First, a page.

Posted: 06/21/07 00:10, Edited: 06/21/07 00:12
by Dave Mindeman
Let's talk about PBS Television for a moment. Although I would hesitate to call public television a "liberal" bastion, it could always be counted on for stories that had depth...beyond the sound bite type depth. And the stories would indeed be factual.... Frontline's look at the Iraq War timeline (Endgame) which aired this week was solid journalism. It didn't flinch with excuses.... it brought a glaring reality to horrible decision making.
But as Josh Michael of Talking Points Memo points out, PBS has problems at the top.
"When Corporation for Public Broadcasting Chairman Kenneth Tomlinson, a close Karl Rove ally, took over PBS a few years ago, he told the Association of Public Television Stations along with officials from the CPB and PBS that they should make sure their programming "better reflected the Republican mandate."
This month PBS will be airing a program that examines the principle of the separation of Church and State. This program is called "Wall of Separation".... and as TPM points out:
"Wall of Separation" is a production of Boulevard Pictures, which explained on its website that this PBS special will explain that the Founding Fathers had "a radically different definition" of religious liberty than what we have today, and that "the modern understanding of the role of religion in the public square is exactly the opposite of what the Founders intended."
The website Common Dreams warned us about the plans of Ken Tomlinson back in 2005:
Without the knowledge of his board, the chairman, Kenneth Y. Tomlinson, contracted last year with an outside consultant to keep track of the guests' political leanings on one program, "Now With Bill Moyers."
Tomlinson was quoted:
"My goal here is to see programming that satisfies a broad constituency," he said, adding, "I'm not after removing shows or tampering internally with shows."
But he has repeatedly criticized public television programs as too liberal overall, and said in the interview, "I frankly feel at PBS headquarters there is a tone deafness to issues of tone and balance."
"Wall of Separation" will probably meet Mr. Tomlinson's new standards. Looking at the people who staff the production, we have:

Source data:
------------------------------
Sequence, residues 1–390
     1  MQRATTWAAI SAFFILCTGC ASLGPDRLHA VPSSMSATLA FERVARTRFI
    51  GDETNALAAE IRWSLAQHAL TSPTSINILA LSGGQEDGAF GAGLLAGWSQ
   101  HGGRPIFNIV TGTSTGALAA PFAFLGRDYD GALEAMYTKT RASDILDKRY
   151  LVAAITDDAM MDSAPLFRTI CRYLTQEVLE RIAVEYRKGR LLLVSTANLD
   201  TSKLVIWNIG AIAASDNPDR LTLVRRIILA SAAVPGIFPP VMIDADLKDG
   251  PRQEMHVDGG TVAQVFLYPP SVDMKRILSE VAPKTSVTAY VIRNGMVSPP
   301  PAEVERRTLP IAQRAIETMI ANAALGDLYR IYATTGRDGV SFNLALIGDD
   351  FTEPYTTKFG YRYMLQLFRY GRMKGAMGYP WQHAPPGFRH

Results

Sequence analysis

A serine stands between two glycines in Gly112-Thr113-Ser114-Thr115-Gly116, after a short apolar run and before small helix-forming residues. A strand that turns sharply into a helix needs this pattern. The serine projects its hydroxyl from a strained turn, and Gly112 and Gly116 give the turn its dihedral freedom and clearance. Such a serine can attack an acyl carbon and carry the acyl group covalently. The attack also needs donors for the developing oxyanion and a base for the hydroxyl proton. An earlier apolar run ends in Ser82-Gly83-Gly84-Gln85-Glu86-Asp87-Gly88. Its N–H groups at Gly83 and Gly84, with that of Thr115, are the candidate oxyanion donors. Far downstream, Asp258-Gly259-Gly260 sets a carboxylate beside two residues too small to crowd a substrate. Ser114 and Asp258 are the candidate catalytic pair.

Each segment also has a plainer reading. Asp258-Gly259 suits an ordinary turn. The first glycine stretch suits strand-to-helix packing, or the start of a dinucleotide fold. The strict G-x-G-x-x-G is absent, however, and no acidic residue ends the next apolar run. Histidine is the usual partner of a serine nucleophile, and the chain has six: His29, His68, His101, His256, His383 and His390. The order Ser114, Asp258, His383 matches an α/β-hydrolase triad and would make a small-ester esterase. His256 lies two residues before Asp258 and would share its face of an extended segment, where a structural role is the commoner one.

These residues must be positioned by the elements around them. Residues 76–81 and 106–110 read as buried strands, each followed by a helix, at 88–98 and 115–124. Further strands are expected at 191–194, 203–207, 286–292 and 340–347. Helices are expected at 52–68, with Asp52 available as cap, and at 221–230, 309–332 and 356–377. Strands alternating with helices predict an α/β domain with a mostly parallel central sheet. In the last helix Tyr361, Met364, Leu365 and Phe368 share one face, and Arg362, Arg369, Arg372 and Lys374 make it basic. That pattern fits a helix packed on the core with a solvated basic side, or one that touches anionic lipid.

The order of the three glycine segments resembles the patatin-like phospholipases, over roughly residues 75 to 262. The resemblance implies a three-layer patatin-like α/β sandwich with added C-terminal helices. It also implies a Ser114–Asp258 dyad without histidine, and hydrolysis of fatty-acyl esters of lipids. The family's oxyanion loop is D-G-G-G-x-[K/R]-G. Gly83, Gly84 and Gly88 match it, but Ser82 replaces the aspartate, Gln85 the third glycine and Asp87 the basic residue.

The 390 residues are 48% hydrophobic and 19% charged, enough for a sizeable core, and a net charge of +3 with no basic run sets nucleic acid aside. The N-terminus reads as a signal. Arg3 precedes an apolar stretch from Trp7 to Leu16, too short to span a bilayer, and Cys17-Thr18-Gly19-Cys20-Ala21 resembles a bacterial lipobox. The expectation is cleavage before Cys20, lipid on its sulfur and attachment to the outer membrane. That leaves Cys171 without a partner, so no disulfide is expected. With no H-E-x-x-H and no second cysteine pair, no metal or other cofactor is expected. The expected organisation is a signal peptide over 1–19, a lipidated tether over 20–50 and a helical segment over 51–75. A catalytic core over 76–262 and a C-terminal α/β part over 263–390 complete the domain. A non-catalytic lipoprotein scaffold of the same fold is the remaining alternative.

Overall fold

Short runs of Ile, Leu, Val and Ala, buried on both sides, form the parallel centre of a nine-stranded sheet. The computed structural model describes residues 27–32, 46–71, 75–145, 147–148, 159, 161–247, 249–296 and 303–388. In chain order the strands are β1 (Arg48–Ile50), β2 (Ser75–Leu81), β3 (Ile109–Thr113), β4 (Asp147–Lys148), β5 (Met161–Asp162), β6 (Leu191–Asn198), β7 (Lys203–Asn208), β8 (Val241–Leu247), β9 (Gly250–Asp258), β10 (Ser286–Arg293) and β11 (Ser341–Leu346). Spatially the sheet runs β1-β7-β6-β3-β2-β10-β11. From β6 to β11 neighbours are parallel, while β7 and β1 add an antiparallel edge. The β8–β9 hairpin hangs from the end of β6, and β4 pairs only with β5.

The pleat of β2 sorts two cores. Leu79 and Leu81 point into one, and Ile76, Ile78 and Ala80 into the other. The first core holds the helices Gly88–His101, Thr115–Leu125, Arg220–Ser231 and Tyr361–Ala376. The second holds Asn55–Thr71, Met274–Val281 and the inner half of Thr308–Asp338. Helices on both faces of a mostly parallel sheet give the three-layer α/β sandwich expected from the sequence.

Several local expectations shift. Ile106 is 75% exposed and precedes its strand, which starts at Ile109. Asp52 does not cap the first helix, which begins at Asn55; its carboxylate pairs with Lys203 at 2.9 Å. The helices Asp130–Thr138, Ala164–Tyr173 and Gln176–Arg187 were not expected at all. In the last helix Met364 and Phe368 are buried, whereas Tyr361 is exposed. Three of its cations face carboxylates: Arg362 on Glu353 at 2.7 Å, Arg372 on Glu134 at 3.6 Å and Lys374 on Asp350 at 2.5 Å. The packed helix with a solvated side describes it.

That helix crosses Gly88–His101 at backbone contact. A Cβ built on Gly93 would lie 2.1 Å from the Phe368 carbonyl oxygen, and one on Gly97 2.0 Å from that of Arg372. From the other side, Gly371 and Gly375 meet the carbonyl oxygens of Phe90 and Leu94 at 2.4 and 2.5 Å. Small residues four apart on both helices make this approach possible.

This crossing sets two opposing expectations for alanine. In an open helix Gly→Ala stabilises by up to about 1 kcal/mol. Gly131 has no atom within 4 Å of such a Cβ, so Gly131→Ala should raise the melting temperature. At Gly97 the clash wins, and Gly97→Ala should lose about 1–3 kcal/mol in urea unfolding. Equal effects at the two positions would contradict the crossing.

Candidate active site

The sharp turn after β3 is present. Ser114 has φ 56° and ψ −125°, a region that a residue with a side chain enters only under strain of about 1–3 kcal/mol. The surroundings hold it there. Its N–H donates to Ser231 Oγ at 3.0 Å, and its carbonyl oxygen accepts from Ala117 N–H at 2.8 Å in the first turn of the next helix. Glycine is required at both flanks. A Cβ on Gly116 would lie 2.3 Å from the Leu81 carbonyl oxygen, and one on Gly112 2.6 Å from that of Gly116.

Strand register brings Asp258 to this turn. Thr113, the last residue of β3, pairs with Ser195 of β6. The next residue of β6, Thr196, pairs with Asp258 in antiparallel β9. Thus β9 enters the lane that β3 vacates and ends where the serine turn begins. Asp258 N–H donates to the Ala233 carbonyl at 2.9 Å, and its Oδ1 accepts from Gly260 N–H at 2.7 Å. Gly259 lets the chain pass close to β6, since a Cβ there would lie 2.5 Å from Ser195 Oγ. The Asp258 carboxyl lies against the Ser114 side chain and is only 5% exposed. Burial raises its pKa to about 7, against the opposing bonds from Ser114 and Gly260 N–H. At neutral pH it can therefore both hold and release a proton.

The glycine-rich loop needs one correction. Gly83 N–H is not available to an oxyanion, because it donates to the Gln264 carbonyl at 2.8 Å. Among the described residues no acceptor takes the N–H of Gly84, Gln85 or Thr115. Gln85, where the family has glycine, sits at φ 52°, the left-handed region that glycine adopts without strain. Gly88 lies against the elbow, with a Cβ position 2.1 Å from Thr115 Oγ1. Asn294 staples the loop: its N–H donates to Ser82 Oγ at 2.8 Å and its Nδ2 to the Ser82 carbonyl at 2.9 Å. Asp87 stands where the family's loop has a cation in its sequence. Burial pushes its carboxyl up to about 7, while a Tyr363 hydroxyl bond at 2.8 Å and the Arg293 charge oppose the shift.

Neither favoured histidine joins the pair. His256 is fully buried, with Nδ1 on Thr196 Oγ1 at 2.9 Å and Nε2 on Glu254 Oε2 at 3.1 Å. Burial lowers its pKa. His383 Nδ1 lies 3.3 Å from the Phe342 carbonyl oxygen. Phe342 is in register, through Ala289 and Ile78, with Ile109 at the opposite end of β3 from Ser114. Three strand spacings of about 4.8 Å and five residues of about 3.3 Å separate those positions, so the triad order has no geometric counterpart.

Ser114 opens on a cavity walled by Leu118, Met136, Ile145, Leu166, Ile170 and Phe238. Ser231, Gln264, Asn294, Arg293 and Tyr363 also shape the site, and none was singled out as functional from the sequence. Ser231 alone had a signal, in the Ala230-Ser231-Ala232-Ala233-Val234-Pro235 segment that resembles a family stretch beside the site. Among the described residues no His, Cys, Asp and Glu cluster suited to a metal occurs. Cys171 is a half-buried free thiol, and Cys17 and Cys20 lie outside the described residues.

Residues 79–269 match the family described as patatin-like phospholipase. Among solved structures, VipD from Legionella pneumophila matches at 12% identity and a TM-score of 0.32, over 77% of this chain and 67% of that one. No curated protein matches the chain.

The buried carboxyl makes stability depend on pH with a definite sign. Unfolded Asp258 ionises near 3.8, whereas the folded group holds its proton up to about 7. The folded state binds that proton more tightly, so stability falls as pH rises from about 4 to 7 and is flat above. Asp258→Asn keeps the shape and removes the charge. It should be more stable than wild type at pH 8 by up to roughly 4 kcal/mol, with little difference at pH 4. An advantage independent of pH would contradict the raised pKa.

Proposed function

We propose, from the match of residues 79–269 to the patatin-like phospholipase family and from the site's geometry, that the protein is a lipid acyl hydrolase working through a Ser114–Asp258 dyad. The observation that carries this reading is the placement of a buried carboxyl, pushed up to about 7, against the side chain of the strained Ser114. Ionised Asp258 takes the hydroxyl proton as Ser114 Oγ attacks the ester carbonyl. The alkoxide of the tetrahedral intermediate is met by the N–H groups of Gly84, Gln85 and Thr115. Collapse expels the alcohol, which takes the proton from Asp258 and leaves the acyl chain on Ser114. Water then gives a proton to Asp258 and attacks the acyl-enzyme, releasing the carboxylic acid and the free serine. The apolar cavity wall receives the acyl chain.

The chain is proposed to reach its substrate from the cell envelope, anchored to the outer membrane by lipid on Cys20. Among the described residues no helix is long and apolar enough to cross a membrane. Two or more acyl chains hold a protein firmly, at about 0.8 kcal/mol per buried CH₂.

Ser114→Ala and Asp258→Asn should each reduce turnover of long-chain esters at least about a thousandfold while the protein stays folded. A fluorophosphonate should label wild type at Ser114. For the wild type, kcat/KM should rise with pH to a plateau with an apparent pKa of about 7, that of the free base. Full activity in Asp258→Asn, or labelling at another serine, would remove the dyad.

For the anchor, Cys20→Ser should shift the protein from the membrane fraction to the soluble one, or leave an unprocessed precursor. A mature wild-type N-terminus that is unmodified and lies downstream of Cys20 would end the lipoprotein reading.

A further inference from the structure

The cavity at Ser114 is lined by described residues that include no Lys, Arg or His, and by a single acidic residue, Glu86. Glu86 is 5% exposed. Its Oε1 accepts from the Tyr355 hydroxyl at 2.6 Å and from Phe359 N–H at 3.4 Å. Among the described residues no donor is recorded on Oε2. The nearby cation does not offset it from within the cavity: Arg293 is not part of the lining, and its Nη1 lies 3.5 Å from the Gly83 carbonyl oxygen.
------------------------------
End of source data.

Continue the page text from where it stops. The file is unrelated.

Brian Godawa (Director/Writer): was quoted during the release of the DaVinci code..."May 19th is the date the Da Vinci Code movie opens. A movie based on a book that wears its heresy and blasphemy as a badge of honor. What can we as Christians do in response to the release of the movie? I'm going to offer you the usual choices -- and a new one. On May 19th, you should go to the movies. Just go to another movie"
Andre Iseli (Executive Producer): Has given $300,000 to a Quaker private college called George Fox University. The stated goals of the college are:
While approximately 5 percent of our undergraduate students are Friends, more than 50 denominations are represented on campus, the largest being Baptist.
Students of all faiths are welcome. While we don't require a signed statement of faith from students, we are a Christian community, and, as such, ask our students and employees to abide by the university's community expectations. In keeping with our mission of Christian higher education, all employees -- faculty, administration, and staff -- are committed evangelical Christians.
Phil Bransom (Senior Production Supervisor): Member of Chrisitians in Photo Journalism.
Jack Hafer (Producer/Boulevard Pictures): An interview with Rev. Barry Lynn was summarized this way:
Although the Web site for the film company mentions no religious or political agenda, its president is Jack Hafer, an evangelical Christian who told one interviewer that Christians have an obligation to "shape the culture" and "spread the faith."
So, the odds of "Wall of Separation" actually endorsing the principle of separation of church and state seem pretty slim. Odds are better that Mary Kiffmeyer will give it a big thumbs up.